But all this changed due to art. 14. Although the ED should have been implemented ultimately April 29, 2006, the Netherlands did not succeed in time. We had to wait for implementation of art. 14 till May 1, 2007, on which date art. 1019h of the Dutch Civil Procedure Code (CPC), which reads, translated freely: 'In so far as necessary contrary the second paragraph of the twelfth section of the second title of the first Book and contrary to article 843a, first part, the unsuccessful party shall be ordered - if claimed - to bear the reasonable and proportionate legal costs and other expenses incurred by the succesful party, unless equity does not allow this.'

Although the courts decided that art. 14 should be anticipated upon as from April 29, 2006 and practice has gained experience with such anticipation, and in the meantime with art. 1019h CPC, I always have had the impression that there was a severe struggle with the past, with the traditional Dutch concept of 'liquidated costs of litigation' as sketched above, that is still applicable – by the way - in non-IP-matters. Clients could not be advised accurately. How to answer for example the general question of a client which amount of cost would be involved in an IP infringement proceedings if there is only the guidance of the texts of art. 14 ED and art. 1019h CPC? Should you tell a client that you can not estimate the costs, because you do not know the rates used by the other parties attorney, the time she/he will spend on a case and how many attorneys the other party is going to hire to work on its case? Difficult issues for which only a little guidance could be found in case law that had to be developed and is still developing. So practice learned its trade mark clients that the costs in trade mark cases could fluctuate between € 0 (if you win the other has to pay for all costs) and € 50.000 (if you lose you have to pay your own attorney and the other parties’ attorney), but – please note! - it could also be € 100.000,-- or even an infinite amount! Phew!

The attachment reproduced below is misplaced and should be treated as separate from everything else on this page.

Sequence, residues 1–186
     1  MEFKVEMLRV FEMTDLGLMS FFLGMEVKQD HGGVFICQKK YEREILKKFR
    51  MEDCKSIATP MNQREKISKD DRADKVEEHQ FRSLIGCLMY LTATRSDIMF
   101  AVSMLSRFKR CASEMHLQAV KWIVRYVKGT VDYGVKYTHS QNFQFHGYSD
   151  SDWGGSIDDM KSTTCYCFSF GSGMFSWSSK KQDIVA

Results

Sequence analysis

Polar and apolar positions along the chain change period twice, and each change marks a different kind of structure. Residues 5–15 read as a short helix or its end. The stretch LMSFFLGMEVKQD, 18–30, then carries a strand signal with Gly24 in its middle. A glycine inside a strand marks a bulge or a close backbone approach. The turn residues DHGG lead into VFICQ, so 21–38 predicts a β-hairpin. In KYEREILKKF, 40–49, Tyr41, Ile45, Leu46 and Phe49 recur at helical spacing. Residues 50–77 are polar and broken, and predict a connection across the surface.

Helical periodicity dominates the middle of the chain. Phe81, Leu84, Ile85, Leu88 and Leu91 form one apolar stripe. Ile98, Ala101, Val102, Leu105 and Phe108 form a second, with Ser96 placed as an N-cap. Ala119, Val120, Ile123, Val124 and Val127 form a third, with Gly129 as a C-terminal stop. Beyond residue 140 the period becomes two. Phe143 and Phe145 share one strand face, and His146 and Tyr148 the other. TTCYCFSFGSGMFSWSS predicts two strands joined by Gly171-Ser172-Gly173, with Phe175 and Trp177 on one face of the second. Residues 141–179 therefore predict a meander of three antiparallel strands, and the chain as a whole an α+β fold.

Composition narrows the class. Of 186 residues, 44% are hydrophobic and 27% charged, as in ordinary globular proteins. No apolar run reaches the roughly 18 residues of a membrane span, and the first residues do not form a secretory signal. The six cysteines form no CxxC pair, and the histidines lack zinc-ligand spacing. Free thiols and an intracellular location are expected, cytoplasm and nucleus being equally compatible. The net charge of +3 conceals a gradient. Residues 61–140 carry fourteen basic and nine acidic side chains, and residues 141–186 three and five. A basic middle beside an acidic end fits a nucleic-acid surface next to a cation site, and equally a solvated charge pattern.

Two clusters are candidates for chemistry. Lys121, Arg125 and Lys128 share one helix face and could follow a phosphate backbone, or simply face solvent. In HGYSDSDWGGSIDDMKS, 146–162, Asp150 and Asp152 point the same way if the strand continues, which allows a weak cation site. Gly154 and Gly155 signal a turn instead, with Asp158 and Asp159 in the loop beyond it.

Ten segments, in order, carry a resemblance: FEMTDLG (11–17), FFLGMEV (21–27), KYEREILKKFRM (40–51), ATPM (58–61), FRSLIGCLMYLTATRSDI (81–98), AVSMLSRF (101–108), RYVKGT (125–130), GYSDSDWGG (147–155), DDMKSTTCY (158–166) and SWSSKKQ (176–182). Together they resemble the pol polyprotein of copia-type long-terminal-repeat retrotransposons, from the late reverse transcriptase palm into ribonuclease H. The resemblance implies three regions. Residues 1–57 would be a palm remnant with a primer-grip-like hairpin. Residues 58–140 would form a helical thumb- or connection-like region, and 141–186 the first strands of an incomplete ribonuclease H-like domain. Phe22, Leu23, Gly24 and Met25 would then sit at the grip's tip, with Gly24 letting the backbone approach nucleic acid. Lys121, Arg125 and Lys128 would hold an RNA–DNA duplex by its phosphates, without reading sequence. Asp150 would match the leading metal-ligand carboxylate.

Of course this was advantageous to – especially - well known trade mark owners, because it eliminates average pirates beforehand, which is not something to be sad of, but it also kills – and that is a sad, bad thing – cases that are worth a discussion in court, because the parties to the proceedings can simply not run the – from a formal point of view - infinite risk of bearing the procedural costs. It is my opinion that this situation could kill the development of law, which is nothing to hurray for. It looks however that the alarm has been raised. On July 14, 2008 the ‘Landelijk Stafbureau Civiel’ (the national staff office for civil matters) of ‘de Rechtspraak’ (the Dutch judiciary), acting on behalf of the ‘Landelijk Overleg Voorzitters sector Civiel’ (the national consultation structure for the Presidents of the Dutch Courts in civil actions) offered an approved schedule of liquidated rates in IP matters, applicable for court cases in first instance, to the Dutch Bar Association.